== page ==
Previous posts have not generated much response. Due to an overall lack of interest in this exercise we will not be posting more images. If you have questions about your editing, save them for the critique night meetings.
I wanted to submit something for advice that is an interesting challenge (at least for me). I have an underwater photo of an octopus with a couple of legs plunged deep into a bright orange shell. I took the photo in St. John USVI on a vacation visit last year. Here is the challenge, the octopus is an expert at camouflage which is critical to it’s protection and survival. But he also tends to disappear into the background and people viewing the photo often just don’t see him, especially given the distraction of the bright orange shell he is holding. How can the photo be edited to make it a bit easier to see the full picture?
John G has offered this edit:
I decided to try a couple major changes, since the octopus is really well hidden.
Edit offered by M. Flick
I agree that the horizontal view is a better choice. In Lr I selected the background and darkened it, also removing some texture and clarity. I selected the octopus and lightened it, adding also a wee bit of texture and clarity.
Here is a picture I took at Tybee beach on a very overcast day when we were there visiting this winter. As some of you are aware, I am using this as an exercise to try and learn the software capabilities more than anything else. In this particular case, besides trying to punch out the texture of the driftwood, and improve the overexposed sky, I thought it might be a good opportunity to try and remove an item and repair the image around it. I also took a close up the lighthouse to have a better resolution to put back into the image in a better spot. It also allowed me an opportunity to repair parts of that image with the items that were in front of it, before I put it back into the original image.
1) Overall thoughts on the clean up around the lighthouse in both aspects?
2) Should the lighthouse be knocked out of focus a touch to account for depth of field?
3) Also thought a 1:1 aspect ratio worked in this case, but not sure if better still in 4:3 and just cropped as needed?
4) Any other thoughts appreciated as well, as I am using these as examples, so any thoughts are worth trying just to get better using the photo manipulation software.
The icicles hanging from this long rock face caught my attention while on a recent hike. My initial attempt to photograph this scene resulted in the sky being blown out. I metered off the sky for my second attempt but the result was a severe underexposure. My thought was why not try to salvage the shot.
Using Lightroom I made minor adjustments in the Basic Panel except for Shadows (+100) and the Blacks (+77). This was followed by slight adjustments to the HSL Luminance colors (red +25 & orange +67). Adjustments in Detail and Tone Curve were minor.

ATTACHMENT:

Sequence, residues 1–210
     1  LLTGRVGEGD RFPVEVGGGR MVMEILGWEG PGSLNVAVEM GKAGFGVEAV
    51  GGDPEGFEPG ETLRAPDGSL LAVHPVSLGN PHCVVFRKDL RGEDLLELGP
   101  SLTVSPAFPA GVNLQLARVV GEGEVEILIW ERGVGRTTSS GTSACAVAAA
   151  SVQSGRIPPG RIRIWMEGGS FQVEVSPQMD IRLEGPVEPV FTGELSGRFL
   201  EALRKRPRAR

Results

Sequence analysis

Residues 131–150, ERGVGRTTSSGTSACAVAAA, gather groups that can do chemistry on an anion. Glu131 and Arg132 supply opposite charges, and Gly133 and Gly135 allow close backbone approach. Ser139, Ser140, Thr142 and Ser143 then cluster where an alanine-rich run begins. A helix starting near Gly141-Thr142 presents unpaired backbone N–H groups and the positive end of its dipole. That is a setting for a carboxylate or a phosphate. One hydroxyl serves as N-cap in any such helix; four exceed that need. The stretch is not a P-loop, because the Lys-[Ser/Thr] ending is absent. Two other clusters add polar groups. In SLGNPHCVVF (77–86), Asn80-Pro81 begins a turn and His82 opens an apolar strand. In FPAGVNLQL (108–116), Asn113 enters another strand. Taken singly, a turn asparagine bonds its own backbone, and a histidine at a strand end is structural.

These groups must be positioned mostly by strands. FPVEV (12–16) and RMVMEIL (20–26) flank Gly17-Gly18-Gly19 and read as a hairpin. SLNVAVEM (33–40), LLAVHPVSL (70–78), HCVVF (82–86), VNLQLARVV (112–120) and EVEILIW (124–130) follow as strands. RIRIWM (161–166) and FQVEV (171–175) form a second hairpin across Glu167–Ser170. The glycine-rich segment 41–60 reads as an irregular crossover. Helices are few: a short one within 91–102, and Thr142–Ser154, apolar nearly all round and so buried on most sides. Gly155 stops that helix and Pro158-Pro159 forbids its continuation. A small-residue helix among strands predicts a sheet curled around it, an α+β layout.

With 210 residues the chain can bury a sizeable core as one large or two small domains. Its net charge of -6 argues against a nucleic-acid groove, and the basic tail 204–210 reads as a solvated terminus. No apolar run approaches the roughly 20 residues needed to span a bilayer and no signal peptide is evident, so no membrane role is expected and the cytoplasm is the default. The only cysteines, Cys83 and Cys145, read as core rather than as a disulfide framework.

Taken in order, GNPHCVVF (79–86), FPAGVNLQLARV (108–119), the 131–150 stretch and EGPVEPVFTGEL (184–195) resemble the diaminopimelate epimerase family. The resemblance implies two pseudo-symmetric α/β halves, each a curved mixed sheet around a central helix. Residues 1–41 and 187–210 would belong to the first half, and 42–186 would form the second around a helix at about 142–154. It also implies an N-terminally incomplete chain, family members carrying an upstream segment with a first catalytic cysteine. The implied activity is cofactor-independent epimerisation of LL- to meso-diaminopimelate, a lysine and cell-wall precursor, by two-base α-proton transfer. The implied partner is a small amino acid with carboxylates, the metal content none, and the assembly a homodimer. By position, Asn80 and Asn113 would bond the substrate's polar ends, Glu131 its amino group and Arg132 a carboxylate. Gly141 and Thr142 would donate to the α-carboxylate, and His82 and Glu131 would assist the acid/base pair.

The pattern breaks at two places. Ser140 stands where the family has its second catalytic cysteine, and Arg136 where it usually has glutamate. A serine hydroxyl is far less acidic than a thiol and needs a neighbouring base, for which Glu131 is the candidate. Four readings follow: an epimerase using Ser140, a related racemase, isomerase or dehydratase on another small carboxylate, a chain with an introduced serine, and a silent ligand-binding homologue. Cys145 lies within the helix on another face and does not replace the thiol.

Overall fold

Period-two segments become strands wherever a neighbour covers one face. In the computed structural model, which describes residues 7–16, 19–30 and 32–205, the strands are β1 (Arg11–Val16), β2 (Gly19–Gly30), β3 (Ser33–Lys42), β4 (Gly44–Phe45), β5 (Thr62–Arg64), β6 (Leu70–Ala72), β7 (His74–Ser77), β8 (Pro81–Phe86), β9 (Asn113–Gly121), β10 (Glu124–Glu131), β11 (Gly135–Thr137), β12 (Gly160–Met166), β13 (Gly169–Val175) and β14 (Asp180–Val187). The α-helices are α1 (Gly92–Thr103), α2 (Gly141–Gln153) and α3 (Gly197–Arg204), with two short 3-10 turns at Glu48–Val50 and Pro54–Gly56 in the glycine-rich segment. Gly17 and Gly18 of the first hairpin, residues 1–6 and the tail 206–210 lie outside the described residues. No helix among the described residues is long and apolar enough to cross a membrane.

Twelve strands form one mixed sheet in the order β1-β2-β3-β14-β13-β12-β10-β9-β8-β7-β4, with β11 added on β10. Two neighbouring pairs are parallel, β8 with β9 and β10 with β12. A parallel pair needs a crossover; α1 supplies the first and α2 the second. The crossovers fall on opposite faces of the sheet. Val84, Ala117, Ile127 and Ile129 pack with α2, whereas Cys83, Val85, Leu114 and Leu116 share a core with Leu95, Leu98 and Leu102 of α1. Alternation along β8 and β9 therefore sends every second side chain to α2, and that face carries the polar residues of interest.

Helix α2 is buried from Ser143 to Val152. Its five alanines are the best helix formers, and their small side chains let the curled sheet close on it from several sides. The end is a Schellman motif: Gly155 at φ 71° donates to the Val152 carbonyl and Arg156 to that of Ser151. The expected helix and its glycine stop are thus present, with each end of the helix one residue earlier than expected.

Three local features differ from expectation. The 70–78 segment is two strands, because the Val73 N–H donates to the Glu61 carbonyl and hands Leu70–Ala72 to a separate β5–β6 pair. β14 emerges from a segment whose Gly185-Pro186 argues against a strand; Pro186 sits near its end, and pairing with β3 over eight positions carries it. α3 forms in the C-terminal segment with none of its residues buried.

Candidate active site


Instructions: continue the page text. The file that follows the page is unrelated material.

I did find myself making local adjustments to the rock face, sky, icicles and leaves. My final edit was to remove the tree from the right edge of the original photo.
I would appreciate any input as to what I might have done differently.
Here's a 4th version; cropped like #2, trees brighter like #3. The low, dark clouds are also lighter.
For the images above
Original Rev 1
Rev 2 Rev 3
Here's a photo needing much help. I wouldn't bother except this is the best EMU photo I have.
Situation: In a van, at 50MPH, at deep dusk. EMU's are ~100 yards away.
Camera settings: Maximum Telephoto (600mm), f/4,1/1000 sec, AWB, Auto ISO(1600), Continuous focus.
Original: Dark and very noisy, but focus was pretty good, considering.
Increased Exposure +2.37
Increased Texture, Vibrance and Clarity
White Balance: Increased Temp. from 4.5K to 5.2K
Edited Photo in Topaz Denoise and Sharpen.
Masked facial skin patches and added blue back into skin, which was removed when I adjusted WB.
Used B&W Presets set to Infrared.
Be Blunt. Was it worth the effort? Does anyone have ideas on what I might have done differently in the editing process?
Another trip to Australia to get a good daylight shot, setup on a tripod at 25 yards is not in the cards.
I like the B&W because of the contrast of the grass from the birds. Comments?
Here is another version I attempted after reading the comments.
1) I agree, that the street grounded the image, so I put it back in, and just tried to mask the "newer" items in the image that stuck out for the older concept I was going for. Helped me learn about layer priority as well when I tried replacing a few signs.
2) Since I'm not going back, not much I could do about taking a new picture to help make the buildings more vertical. But the comments helped point out the "transform" function, so I played a little with that as well. Couldn't get perfect, as I ended up just chasing my tail eventually, but do think I was able to improve it a bit without totally losing the fire escapes on the left side, which I really liked.
3) I also, just for fun, tried another aging process on the older buildings. This method kept the color differences, but played with the saturation and shading to try and mimic the older photos that had color but not very deep blacks to them.
4) I also tried creating my own clouds in the area I removed the top of the building in the back. Thought it might help mask the fill of new sky that was hard to blend.
Thanks for the comments. As this was basically an "exercise" to start learning the software, it was useful to point me in the direction to try a few things I didn't even think of at first. Still have a way to go, but it was a decent first step.....John
The 4 versions above
President, Coastal Camera Club